Clause 3 - Sunset of retained EU rights, powers, liabilities etc

Retained EU Law (Revocation and Reform) Bill – in a Public Bill Committee am 11:30 am ar 24 Tachwedd 2022.

Danfonwch hysbysiad imi am ddadleuon fel hyn

Question proposed, That the clause stand part of the Bill.

Photo of Nusrat Ghani Nusrat Ghani The Minister of State, Department for Business, Energy and Industrial Strategy

It is a pleasure to serve under your chairmanship once again, Sir George. The clause is a vital part of the Government’s retained EU law reform programme and will make sure that EU rights, obligations and remedies saved by section 4 of the European Union (Withdrawal) Act 2018 cease to apply in the UK after 31 December 2023.

Photo of Justin Madders Justin Madders Shadow Minister (Future of Work), Shadow Minister (Business and Industrial Strategy)

It is a pleasure to see you in the Chair this morning, Sir George. Members will note that I am a little hoarse —please do not give me a sugar cube. I hope that means I will not be quite as lengthy as I was on Tuesday.

Hon. Members::


Photo of Justin Madders Justin Madders Shadow Minister (Future of Work), Shadow Minister (Business and Industrial Strategy)

We can try.

I want to say a few words about the clause, which will fit in with the discussion we will have on the following clauses. All these clauses pertain to the future of our law after the removal of the legal effects of EU law. I will try not to repeat myself and to focus specifically on the terms of this clause.

I begin by stating the obvious: as we untie ourselves from the European Union, we will clearly need a new settlement of legal principles. Nevertheless, we ought to treat the clause with some scepticism and scrutinise the impact it will have on our country’s legal system. In doing so, we must consider why it was decided to take a snapshot at the end of 2020 in the first place.

When the country entered the transition period for leaving the EU, the potential for a legal vacuum to emerge rapidly became apparent, as the process of preserving EU legislation and EU-derived legislation made under section 2 of the European Communities Act 1972 began. Section 4 of the European Union (Withdrawal) Act 2018 was therefore designed to prevent such a legal vacuum once the 1972 Act was repealed, by catching everything that might have been missed and its legal effects.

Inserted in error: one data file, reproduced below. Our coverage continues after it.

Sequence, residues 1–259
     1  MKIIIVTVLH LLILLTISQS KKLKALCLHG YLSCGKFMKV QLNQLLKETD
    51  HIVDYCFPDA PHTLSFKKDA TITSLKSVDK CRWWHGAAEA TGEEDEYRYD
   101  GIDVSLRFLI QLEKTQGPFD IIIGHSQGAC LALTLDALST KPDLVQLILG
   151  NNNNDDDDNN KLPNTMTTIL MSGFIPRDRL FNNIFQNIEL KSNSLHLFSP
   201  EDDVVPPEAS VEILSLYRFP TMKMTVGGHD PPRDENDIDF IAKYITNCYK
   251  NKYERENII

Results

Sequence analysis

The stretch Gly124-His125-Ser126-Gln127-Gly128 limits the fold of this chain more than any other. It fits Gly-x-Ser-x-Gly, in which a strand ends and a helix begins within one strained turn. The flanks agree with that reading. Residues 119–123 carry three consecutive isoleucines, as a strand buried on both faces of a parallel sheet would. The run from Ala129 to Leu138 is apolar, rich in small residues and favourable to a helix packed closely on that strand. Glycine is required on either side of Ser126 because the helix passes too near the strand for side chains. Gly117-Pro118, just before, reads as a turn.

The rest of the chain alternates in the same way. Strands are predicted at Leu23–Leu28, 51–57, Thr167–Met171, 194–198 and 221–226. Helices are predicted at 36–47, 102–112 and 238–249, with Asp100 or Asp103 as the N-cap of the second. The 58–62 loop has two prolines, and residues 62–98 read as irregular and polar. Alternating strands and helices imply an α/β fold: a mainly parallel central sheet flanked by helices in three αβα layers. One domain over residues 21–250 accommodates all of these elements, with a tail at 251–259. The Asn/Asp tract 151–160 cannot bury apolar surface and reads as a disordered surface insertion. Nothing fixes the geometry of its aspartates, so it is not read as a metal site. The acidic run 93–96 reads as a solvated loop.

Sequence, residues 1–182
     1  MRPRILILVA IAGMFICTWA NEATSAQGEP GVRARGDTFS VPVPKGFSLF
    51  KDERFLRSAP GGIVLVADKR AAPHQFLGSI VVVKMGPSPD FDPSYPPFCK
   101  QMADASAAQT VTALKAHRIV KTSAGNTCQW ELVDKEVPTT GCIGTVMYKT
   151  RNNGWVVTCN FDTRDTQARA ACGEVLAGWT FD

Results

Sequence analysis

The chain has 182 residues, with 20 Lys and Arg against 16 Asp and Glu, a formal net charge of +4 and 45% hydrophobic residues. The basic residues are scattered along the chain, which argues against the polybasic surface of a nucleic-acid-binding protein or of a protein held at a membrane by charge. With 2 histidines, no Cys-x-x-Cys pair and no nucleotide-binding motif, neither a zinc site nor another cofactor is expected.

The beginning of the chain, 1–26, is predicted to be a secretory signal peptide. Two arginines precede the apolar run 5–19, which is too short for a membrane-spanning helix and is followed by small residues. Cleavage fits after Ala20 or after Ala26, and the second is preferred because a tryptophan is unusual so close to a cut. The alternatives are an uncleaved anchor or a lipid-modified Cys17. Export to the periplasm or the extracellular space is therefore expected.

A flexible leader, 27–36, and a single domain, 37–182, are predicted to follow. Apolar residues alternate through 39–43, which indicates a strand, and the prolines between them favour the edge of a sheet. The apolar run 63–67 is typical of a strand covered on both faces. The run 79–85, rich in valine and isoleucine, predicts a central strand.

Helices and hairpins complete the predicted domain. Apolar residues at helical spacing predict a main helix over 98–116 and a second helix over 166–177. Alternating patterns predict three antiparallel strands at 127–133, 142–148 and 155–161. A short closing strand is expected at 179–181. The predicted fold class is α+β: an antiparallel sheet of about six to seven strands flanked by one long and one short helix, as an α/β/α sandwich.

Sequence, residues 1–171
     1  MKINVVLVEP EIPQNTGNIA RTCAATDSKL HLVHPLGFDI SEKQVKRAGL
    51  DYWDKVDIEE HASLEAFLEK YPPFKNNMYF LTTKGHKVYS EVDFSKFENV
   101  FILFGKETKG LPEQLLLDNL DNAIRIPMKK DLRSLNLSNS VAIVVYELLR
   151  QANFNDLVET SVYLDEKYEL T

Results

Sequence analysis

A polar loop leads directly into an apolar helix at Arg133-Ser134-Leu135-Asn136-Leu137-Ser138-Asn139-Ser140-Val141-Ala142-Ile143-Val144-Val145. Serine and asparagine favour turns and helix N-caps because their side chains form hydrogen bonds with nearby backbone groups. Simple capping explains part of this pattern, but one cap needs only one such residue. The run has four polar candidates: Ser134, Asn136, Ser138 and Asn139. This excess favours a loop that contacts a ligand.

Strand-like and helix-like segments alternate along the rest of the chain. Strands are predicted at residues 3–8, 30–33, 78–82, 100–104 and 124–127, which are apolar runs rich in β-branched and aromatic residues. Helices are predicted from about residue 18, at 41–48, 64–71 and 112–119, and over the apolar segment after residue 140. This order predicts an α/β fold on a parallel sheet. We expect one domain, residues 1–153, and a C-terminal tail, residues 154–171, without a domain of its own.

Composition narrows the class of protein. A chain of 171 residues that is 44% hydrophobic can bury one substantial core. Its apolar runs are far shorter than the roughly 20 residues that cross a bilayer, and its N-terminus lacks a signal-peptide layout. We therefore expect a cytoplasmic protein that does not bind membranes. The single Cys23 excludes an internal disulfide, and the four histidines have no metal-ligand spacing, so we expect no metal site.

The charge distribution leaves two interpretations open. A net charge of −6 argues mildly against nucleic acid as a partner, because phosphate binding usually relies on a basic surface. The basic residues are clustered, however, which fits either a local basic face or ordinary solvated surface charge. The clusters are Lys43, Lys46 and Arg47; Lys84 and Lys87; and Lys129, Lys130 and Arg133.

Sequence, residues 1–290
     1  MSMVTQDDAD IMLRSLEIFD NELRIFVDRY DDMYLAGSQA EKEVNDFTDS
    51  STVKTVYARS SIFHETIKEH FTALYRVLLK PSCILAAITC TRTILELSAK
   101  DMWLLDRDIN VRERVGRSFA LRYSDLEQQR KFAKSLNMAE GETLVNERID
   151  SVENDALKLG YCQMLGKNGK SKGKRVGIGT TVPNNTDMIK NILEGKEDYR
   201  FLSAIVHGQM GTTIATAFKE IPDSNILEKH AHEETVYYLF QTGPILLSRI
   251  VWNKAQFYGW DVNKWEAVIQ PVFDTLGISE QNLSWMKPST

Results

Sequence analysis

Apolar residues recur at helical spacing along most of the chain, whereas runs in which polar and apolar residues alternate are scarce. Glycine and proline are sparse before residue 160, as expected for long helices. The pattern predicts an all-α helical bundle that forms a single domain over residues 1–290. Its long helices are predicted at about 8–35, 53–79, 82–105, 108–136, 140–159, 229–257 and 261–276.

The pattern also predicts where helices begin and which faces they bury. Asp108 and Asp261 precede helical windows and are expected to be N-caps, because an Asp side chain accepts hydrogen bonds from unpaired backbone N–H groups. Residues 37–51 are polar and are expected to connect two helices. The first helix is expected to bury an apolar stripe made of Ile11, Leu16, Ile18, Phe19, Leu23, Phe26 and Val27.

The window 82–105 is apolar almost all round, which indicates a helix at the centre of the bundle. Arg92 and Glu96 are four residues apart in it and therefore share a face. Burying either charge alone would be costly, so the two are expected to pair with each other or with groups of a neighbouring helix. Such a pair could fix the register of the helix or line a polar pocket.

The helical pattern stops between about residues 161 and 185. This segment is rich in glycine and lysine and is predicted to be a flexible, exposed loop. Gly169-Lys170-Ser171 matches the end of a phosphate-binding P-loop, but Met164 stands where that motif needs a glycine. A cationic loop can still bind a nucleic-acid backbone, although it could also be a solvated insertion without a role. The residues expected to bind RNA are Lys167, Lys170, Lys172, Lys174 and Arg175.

I am saying that to highlight an important feature of the 2018 Act, which has been to maintain the smooth operation of our legal system while we formally left the EU. Clearly, it still has importance. Unless the Government are able to use the powers in clauses 12 to 15 to replace the effects of EU law exactly—although it is clear that they do not want to do that—we face the prospect of a legal vacuum.

I have a couple of questions for the Minister. First, does she agree that section 4 of the EU (Withdrawal) Act has provided an important function over the previous years in creating stability and certainty? Secondly, does she recognise the risk of a legal vacuum opening after 2023, and can she provide any assessment the Government have made of that risk?

As a matter of interest, I have just read on the front page of today’s Financial Times that a wide range of groups, from the TUC to the CBI, have written to the Prime Minister requesting that the Bill be withdrawn. One reason they give is that it will create a vacuum and a great amount of legal uncertainty. I suspect that the Minister has not yet had a chance to discuss the contents of that letter with the Prime Minister, but if she has, will she update us? [Interruption.] The Minister’s response suggests that she has not had that opportunity.

Such questions naturally lead us to the identification problem that we discussed on Tuesday. My understanding is that the dashboard sought to capture the examples under section 4 of the 2018 Act on retaining

“rights, powers, liabilities, obligations, restrictions, remedies and procedures”.

Due to the dashboard’s catch-all nature, however, can we be certain that all those have been picked up, given that even the Government admit that not all the regulations have been captured? How on earth can we be certain that serious vacuums will not be left by the removal of section 4 if we cannot be sure that we have identified everything affected by it? That is an important point.

Linking again to our debate on Tuesday about the timeframe in which such legal effects and legislative provisions need to be restated, replaced or revoked under clauses 12 to 15, we must not treat clause 3 in isolation. We must remember that what happens alongside the mountain of other pieces of EU legislation that need to be processed will be key to how the country moves forward. At the very least the Minister must try to offer us some reassurance—or, better yet, a plan that shows—that the Government have the matter in hand and will deal with all the legislative provisions and legal decisions before the 2023 deadline.

Overall, we agree that there has to be an end to EU supremacy in UK law, but we still have concerns about how that will operate in practice. We want to avoid a situation that the Government have known was coming for at least two years. I would be grateful if the Minister could provide some assurances to the Committee that action on the concerns that have been expressed by a wide body of representative groups is in hand.